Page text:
Government makes new attack on health and safety regulations
Labour & European Law Review Weekly Issue 286 13 September 2012
Government plans to exempt hundreds of thousands of businesses from regular health and safety inspections in a bid to boost business growth have been condemned by the trade unions and Thompsons.
The announcements repeat the mantra about cutting the so-called burden of health and safety red tape. Ministers say that, from April next year, businesses will only face Health and Safety Executive or local authority inspections if they are operating in higher risk areas such as construction, or if they have an incident or a track record of poor performance.
There is also a pledge to table legislation next month so that businesses will only be held liable for civil damages in health and safety cases if they can be shown to have acted negligently. It is thought that this refers to the principle of “strict liability” in health and safety regulations, where businesses can automatically be held liable for damages for breach of a statutory duty.
TUC general secretary Brendan Barber said the proposals will put the health of millions of workers at risk:
“Contrary to myths peddled by ministers, the UK is facing an occupational health epidemic. Over 20,000 people die every year as a result of a disease they got through their work and a further 1.9 million people are living with an illness caused by their work.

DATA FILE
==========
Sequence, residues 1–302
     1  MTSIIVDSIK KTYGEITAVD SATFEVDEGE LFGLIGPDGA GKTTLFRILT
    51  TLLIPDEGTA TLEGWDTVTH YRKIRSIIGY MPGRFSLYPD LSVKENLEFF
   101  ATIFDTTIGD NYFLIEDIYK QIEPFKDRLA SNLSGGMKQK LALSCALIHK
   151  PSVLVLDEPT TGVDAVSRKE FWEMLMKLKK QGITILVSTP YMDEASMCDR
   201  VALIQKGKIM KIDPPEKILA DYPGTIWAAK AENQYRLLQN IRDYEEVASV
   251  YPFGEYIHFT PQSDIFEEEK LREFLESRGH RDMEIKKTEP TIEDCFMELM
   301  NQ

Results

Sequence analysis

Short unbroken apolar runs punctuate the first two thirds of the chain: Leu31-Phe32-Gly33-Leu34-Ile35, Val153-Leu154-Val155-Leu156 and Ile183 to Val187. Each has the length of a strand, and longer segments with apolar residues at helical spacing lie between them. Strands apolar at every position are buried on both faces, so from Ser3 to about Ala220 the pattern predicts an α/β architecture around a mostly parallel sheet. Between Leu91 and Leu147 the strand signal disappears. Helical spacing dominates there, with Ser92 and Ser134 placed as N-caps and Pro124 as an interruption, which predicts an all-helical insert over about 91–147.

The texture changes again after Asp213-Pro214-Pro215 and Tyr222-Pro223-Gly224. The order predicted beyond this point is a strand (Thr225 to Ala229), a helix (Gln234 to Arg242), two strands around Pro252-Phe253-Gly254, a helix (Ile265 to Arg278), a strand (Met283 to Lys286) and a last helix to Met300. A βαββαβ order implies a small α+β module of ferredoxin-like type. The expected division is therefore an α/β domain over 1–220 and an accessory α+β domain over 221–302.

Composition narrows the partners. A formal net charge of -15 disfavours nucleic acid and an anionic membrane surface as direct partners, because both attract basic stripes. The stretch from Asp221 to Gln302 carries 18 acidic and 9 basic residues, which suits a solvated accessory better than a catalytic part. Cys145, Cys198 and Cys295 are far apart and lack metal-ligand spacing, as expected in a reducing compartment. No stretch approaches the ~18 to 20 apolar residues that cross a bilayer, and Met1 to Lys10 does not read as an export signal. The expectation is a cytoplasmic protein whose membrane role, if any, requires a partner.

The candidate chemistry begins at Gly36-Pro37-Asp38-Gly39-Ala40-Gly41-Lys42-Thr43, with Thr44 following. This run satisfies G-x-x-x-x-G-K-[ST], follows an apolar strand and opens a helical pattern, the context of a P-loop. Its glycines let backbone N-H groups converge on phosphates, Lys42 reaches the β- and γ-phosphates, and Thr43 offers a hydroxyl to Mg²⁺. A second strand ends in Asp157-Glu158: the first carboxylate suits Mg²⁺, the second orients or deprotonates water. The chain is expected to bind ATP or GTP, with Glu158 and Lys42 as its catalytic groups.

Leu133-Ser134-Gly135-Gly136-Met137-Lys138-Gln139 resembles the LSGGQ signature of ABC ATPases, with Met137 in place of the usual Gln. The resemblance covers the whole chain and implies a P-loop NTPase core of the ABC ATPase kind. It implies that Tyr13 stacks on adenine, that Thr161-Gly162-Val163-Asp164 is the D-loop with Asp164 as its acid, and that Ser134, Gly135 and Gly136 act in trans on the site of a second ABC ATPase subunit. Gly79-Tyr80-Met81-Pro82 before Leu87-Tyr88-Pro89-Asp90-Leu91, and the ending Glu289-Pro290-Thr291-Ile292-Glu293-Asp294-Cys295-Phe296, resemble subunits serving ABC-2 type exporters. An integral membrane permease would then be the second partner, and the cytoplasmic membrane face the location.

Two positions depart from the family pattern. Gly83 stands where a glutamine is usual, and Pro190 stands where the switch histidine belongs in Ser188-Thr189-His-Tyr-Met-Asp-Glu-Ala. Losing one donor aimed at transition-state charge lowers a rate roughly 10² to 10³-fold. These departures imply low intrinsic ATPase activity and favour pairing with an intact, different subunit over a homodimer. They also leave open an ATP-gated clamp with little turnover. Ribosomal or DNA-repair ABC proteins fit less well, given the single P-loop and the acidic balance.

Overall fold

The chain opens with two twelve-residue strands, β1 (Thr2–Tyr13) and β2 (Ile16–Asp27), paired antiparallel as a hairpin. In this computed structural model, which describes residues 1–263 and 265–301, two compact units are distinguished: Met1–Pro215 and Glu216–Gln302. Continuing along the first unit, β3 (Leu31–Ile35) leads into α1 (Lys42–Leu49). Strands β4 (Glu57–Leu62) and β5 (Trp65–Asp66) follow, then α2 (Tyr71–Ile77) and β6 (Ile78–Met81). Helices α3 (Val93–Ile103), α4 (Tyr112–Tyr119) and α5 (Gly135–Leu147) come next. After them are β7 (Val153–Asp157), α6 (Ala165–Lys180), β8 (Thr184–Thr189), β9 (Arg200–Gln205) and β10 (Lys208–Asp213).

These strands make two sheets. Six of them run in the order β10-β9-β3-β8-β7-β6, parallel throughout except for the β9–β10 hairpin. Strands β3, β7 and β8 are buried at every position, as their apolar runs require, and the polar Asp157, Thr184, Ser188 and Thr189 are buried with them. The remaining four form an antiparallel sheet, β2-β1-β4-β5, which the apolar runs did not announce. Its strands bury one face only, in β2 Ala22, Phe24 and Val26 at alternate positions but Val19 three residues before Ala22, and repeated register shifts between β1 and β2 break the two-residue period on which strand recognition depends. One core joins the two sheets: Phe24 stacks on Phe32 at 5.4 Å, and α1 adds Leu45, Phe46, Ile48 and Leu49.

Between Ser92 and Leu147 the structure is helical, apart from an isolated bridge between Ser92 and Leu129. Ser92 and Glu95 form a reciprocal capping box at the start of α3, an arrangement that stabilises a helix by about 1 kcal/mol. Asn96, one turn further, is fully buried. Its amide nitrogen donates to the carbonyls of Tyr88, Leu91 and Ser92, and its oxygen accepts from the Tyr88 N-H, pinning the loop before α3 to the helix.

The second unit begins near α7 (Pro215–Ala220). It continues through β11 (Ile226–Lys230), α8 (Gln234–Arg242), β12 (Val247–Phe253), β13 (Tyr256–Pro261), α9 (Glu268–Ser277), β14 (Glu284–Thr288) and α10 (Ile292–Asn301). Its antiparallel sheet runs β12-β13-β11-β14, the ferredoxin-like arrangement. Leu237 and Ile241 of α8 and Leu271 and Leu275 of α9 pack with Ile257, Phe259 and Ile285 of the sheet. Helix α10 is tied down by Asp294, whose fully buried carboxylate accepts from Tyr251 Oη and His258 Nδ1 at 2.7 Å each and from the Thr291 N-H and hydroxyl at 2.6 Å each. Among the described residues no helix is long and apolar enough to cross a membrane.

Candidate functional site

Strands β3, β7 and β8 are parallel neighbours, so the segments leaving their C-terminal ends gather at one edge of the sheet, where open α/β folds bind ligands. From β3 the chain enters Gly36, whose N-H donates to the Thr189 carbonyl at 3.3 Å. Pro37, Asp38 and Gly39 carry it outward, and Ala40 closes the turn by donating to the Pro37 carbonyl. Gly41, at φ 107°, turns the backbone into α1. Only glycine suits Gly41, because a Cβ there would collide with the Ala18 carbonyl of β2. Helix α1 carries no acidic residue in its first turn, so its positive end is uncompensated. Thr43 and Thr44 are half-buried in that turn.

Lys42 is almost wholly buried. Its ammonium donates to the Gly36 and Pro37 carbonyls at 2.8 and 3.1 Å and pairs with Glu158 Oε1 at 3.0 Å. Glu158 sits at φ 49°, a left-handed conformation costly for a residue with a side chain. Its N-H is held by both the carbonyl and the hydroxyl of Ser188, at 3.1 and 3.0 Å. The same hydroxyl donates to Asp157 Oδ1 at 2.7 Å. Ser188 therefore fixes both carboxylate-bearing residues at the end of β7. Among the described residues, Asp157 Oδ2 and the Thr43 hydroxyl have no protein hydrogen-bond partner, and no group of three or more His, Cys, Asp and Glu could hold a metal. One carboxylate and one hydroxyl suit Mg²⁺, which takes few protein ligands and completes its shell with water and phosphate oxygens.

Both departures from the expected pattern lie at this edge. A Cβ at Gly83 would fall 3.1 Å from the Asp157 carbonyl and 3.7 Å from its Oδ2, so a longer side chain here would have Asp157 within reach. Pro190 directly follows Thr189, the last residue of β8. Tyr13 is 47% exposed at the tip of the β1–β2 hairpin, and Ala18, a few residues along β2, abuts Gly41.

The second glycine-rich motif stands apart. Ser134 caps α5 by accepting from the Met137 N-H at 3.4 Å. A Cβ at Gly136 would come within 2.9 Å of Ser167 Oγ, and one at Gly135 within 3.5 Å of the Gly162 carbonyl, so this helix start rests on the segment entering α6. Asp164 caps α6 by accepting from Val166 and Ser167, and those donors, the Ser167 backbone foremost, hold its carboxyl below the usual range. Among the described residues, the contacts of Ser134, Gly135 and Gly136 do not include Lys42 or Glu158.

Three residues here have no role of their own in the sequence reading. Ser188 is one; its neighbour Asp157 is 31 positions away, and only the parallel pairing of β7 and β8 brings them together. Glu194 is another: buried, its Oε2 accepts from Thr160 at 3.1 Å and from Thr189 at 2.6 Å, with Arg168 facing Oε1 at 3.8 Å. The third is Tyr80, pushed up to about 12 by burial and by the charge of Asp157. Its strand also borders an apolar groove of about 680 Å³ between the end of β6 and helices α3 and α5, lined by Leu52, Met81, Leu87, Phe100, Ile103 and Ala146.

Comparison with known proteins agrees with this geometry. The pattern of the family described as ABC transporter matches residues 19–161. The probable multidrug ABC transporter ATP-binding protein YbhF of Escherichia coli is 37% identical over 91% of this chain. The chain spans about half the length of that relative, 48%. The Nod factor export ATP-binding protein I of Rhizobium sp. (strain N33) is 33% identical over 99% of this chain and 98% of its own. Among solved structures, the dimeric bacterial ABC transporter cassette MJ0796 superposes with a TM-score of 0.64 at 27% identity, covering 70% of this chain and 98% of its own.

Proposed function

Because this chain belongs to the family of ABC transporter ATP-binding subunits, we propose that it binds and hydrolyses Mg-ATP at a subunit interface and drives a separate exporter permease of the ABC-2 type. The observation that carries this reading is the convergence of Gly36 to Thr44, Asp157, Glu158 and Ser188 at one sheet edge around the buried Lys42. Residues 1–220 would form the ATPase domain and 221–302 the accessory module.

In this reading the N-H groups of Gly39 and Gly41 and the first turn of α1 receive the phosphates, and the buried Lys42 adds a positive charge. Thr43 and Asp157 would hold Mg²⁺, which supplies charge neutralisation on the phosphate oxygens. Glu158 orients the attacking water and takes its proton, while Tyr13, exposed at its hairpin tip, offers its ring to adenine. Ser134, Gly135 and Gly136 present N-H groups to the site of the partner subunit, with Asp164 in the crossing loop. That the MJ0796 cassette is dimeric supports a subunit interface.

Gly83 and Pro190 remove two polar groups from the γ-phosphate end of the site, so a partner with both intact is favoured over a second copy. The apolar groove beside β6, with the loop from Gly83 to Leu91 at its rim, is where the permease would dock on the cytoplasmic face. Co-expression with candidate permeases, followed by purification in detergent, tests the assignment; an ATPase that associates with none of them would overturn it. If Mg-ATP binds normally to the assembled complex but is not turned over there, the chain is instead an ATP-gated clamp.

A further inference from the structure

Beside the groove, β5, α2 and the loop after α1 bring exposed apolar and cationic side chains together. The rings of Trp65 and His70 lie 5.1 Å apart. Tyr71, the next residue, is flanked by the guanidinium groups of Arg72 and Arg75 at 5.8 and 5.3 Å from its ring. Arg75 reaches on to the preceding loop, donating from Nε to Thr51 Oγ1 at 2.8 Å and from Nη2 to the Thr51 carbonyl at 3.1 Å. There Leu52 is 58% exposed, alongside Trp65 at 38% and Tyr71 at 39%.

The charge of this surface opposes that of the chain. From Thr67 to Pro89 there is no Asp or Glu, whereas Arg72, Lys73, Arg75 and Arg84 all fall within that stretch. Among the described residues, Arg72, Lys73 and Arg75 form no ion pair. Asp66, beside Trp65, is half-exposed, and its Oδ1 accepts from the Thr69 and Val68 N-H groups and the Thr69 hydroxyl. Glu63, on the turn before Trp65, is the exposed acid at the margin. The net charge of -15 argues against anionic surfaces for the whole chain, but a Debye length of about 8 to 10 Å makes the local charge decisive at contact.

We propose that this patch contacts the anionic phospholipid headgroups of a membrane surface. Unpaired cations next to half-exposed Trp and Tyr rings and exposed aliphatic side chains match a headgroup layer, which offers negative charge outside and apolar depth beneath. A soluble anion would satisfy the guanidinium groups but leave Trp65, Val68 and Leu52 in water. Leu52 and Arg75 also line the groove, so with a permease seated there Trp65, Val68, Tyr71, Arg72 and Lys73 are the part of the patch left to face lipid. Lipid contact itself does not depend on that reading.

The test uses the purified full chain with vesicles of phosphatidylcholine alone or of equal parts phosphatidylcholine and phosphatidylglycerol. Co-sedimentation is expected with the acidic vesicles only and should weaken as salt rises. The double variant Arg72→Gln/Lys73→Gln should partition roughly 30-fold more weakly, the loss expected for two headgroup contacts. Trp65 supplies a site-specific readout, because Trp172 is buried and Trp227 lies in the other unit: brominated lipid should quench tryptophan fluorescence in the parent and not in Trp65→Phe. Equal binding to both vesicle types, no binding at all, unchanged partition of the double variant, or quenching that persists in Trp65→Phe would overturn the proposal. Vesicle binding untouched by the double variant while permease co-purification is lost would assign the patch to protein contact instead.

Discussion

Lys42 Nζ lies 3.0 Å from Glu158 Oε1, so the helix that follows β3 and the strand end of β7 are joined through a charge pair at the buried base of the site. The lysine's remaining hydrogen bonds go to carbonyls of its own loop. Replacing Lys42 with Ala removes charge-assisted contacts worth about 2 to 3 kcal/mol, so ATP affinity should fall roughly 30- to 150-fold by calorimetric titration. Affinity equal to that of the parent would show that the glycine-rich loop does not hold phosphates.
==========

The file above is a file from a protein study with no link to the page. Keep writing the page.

“Some of the 'low risk' workplaces identified by the government, such as shops, actually experience high levels of workplace injuries. This will only get worse if employers find it easier to ignore safety risks.”
Tom Jones of Thompsons Solicitors added:
“Seeking to second guess what is and is not safe in an attempt to distinguish between high and low risk workplaces is a dangerous game for the government to play. Which minister will explain to a widow why there was no inspection of a so called safe workplace?
“Reducing inspections of so-called lower risk workplaces pays no regard for basic health and safety standards that apply across Europe.
“Without seeing the detail of the legislation intended to ensure that businesses will only be held liable for civil damages in personal injury claims if they can be shown to have acted negligently, it is difficult to understand what the government means or how it will repeal existing liability laws.
“The fact is, as the government’s own statistics show, workplace accident compensation claims have been falling year on year. And yet, rather than celebrate and increase that trend, the government goes in for cheap publicity that deliberately conflates issues of health and safety and civil justice. Making it more difficult for genuinely injured people to claim compensation, leaving them more reliant on the NHS and benefits, will do nothing for economic growth.”